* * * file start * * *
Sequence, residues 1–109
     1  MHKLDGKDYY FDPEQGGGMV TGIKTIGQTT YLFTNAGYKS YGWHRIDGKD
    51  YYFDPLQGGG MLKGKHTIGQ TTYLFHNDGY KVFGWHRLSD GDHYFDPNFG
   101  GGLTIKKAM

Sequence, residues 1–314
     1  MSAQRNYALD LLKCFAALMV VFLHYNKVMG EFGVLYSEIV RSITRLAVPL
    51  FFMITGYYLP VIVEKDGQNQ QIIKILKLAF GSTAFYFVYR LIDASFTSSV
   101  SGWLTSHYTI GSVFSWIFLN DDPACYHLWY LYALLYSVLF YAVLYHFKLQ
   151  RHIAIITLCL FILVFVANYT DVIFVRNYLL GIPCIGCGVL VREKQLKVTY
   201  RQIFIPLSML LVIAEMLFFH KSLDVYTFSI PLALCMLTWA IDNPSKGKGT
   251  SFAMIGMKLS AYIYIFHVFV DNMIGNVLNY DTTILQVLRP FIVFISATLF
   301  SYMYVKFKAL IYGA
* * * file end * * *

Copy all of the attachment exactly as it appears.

Sequence, residues 1–109
     1  MHKLDGKDYY FDPEQGGGMV TGIKTIGQTT YLFTNAGYKS YGWHRIDGKD
    51  YYFDPLQGGG MLKGKHTIGQ TTYLFHNDGY KVFGWHRLSD GDHYFDPNFG
   101  GGLTIKKAM

Sequence, residues 1–314
     1  MSAQRNYALD LLKCFAALMV VFLHYNKVMG EFGVLYSEIV RSITRLAVPL
    51  FFMITGYYLP VIVEKDGQNQ QIIKILKLAF GSTAFYFVYR LIDASFTSSV
   101  SGWLTSHYTI GSVFSWIFLN DDPACYHLWY LYALLYSVLF YAVLYHFKLQ
   151  RHIAIITLCL FILVFVANYT DVIFVRNYLL GIPCIGCGVL VREKQLKVTY
   201  RQIFIPLSML LVIAEMLFFH KSLDVYTFSI PLALCMLTWA IDNPSKGKGT
   251  SFAMIGMKLS AYIYIFHVFV DNMIGNVLNY DTTILQVLRP FIVFISATLF
   301  SYMYVKFKAL IYGA